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From Cassette Tape to mp3: The Story of an Out-of-print Children's Album I Saved

When I was five, I frequently listened to a cassette tape album by the music company Kindermusik. They produce musical albums, educational programs, storybooks, and activities for children approximately ages 1 to 7. My mother took me to play classes held by Kindermusik from the time I was 2 years old. She told me that one of my teachers had once been a professional opera singer. It was there that I saw my first autoharp. Many of the songs integrate classical excerpts, tonal and rhythmic exercises, and instruments of the orchestra. In my opinion, children who go into that program are molded into sharp, intelligent, classical musicians from the beginning.

The album is called Music And My World. There was a song I was particularly scared of, at the end of Side Two. It was called "Fuzzy Wuzzy Caterpillar." It musically depicts the transformation of a caterpillar into a butterfly. In between the short movements, there is a rolling cymbal that gets louder and louder before diminishing. That sound frightened me very much. It gave me bad dreams at night. It made it worse considering my mom would play it on my tape player right before I went to bed as I took a bath. Mom, don't feel bad. It's not your fault. It's the fault of my sensitive ears. On top of that, one of the movements featured a creepy clarinet. It's crazy that I went on to learn the clarinet 5 years later!

I have that tape to this day, and I kept it my whole life. I looked online everywhere, and the only time this album is sold is used by owner. Kindermusik no longer carries this album. At one point, there were 2 CD copies available used on Amazon, but they both sold and now it is unavailable. Sooner or later, I knew the tape's life would come to an end (it is happily working to this day), however, I wanted to record it and make mp3 copies of each of the songs while I could. The music is very good for children, and I thought it would be good not just for my future children to listen to but for anyone I know now who has young children. It's a good way to introduce them to classical and orchestral music as well as tonal and rhythmic development.

My boom box died, and I had received a Victrola-type record player this past Christmas with a tape and CD player as well as an auxiliary plug for your phone. I decided to play the tape through this as I recorded. I got my cords together and set up the Mac and the Logic files.

All the while Shadowfax was watching me, demanding I give her pets in between the setups. I didn't mind that, of course. :)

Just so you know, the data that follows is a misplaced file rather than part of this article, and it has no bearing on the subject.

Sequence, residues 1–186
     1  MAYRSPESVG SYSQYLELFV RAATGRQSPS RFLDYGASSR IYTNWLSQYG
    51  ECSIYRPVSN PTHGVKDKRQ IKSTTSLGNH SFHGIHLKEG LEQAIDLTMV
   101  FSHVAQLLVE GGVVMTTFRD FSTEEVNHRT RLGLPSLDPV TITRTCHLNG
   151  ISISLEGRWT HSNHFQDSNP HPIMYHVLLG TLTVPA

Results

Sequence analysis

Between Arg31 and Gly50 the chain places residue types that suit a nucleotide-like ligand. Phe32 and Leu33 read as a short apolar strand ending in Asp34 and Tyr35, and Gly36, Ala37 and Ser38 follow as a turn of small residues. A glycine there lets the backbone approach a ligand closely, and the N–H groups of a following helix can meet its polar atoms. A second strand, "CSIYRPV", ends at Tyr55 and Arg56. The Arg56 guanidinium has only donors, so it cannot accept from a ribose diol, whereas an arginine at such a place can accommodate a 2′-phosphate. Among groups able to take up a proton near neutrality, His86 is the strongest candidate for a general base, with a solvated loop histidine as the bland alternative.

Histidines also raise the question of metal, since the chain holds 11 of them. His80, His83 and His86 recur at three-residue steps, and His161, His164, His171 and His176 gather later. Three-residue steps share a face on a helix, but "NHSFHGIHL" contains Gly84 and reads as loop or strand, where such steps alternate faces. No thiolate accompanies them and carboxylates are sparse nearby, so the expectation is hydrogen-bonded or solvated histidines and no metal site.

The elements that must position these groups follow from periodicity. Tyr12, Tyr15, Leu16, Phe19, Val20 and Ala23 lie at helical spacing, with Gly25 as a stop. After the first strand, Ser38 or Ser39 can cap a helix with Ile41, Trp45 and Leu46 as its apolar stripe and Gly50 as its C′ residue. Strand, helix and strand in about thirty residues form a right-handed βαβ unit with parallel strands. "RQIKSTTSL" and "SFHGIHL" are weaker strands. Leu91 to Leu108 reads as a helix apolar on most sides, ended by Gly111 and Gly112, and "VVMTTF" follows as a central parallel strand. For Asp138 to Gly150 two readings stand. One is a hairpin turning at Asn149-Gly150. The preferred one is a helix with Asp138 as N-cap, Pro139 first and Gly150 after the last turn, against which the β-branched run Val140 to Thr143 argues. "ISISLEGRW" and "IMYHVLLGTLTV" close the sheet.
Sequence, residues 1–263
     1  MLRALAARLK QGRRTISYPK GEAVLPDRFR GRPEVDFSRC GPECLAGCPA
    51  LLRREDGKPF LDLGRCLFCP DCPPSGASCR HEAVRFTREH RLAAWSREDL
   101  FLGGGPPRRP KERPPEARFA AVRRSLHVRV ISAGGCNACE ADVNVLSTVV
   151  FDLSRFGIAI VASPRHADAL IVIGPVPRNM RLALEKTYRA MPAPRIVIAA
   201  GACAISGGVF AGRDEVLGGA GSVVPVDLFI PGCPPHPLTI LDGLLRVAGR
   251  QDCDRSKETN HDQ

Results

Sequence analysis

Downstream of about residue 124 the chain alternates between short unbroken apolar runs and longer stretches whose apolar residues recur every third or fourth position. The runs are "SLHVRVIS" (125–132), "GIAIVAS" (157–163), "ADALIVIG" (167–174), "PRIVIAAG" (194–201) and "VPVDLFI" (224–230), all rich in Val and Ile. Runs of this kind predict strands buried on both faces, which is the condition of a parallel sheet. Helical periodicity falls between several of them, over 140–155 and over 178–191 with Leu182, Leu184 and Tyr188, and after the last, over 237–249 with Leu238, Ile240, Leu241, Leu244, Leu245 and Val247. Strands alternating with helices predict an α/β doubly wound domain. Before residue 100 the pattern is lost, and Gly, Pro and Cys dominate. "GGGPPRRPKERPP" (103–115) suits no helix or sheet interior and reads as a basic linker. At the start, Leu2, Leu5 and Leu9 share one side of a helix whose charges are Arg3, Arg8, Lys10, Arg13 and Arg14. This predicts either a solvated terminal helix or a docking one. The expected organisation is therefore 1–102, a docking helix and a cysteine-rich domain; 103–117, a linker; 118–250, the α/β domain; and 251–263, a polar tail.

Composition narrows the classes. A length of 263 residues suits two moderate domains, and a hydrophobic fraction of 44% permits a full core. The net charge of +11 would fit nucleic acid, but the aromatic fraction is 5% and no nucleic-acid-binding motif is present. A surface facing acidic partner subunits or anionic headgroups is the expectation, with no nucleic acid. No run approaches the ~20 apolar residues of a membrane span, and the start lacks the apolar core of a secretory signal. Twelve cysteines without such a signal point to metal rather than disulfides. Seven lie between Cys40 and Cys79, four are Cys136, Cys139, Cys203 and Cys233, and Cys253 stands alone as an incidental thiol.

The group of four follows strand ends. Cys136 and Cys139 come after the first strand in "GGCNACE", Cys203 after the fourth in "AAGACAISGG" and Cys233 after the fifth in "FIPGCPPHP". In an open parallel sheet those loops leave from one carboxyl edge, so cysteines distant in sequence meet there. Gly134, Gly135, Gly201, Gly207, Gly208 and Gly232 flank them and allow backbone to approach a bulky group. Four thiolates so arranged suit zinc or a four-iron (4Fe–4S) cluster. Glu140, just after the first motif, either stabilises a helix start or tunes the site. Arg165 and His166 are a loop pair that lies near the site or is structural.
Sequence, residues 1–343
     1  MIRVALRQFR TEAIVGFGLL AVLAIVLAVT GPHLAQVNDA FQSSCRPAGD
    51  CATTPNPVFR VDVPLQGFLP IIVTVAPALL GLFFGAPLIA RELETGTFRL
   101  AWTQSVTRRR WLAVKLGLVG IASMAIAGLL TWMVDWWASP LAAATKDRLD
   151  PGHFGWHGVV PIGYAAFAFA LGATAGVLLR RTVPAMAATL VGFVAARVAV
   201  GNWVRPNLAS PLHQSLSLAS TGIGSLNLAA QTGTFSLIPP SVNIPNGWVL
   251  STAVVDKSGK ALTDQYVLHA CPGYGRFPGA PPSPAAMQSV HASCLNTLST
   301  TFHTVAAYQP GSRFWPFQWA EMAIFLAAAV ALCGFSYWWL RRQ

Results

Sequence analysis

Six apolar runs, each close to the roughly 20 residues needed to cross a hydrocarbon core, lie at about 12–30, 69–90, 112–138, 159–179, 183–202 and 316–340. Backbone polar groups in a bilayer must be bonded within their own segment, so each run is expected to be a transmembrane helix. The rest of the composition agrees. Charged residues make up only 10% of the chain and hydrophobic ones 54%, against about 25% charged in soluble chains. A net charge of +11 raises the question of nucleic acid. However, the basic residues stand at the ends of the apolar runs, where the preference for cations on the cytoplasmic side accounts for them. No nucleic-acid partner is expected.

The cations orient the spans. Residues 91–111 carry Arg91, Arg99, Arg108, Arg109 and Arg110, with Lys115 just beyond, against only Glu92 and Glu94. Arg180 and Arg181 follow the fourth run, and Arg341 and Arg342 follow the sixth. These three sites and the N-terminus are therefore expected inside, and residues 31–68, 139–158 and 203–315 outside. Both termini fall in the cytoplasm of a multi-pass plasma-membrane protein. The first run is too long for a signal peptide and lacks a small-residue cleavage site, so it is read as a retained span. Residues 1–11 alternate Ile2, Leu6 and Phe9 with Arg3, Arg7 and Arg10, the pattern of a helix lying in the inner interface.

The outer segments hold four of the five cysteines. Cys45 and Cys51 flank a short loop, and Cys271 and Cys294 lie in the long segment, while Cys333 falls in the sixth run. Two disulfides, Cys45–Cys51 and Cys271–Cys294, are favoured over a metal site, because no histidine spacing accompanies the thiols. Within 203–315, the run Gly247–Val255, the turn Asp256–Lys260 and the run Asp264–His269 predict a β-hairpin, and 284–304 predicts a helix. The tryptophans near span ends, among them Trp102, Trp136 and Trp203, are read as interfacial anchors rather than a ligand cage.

As soon as I set up the mic and opened Logic, I put the tape in and recorded the entire tape, both sides, from top to bottom. However, when I listened to it play back, it sounded very sloppy and muffled. Turns out, I had forgotten to set the input to the Apogee interface. It had been recording into the Mac's built in microphone the whole time! (Which, guys, I do not recommend at all. It is poorly made and NOT to be used for recording of any kind). I didn't whine or complain. At least everything else was set up properly. I changed the input so that it was correct. It was 11:30 by this point, so I decided to go to bed and re-record it all in the morning. So Shadowfax and I went to bed.

I began the next morning at 10 AM. This time, when the sound was going into my PreSonus M7 Mic, like it was supposed to, it sounded crystal clear. So, once again, I recorded the entire tape top to bottom. I shut the door to my room so that my roommate wouldn't have to ask why I was blaring "The Eency Weency Spider" out of my speakers, especially so early in the morning.

The Complete Setup

I finished the recording very smoothly. Meanwhile, the repair man had to do several repairs to the apartment while I was mastering each of the tracks. I kept the cat and the guitar in my room for safety purposes and to cure boredom.

Here is a rough picture of the Logic tracks. You can see that I have split up each of the individual songs. There was a small amount of "Crackle" and "Pop" from the cassette sounds, however, it sounded very professional in the end. I added fade in and fade outs in each of the songs, and I went through each song individually to turn it up as loud as it could go without going into the red. The tracks from Side 1 are blue, and the tracks from Side 2 are green. Yeah, I'm organized like that.

I kind of want to upload these to YouTube. But it would infringe on copyright. But again, Kindermusik never uploaded this album! You can't find it anywhere except from a select few owners left who are selling their used CDs and even then it is rare. I could get an "I've been looking for this forever, thank you for uploading" comment. But I don't know if it would be good for my reputation. I want to be considerate of other musicians.

Oh well, I have the mp3s to listen on the computer and put on my phone if I wish, and when the tape breaks, I can say that they're still there!

I'm very geeky. I would enjoy it if someone had an old, rare tape that they want made into mp3 files. I would gladly do this job for them. Guys, if anyone wants me to record their old record or tape, I will do it! I will seriously make mp3 files for them! Please pass this information along! I would appreciate it!


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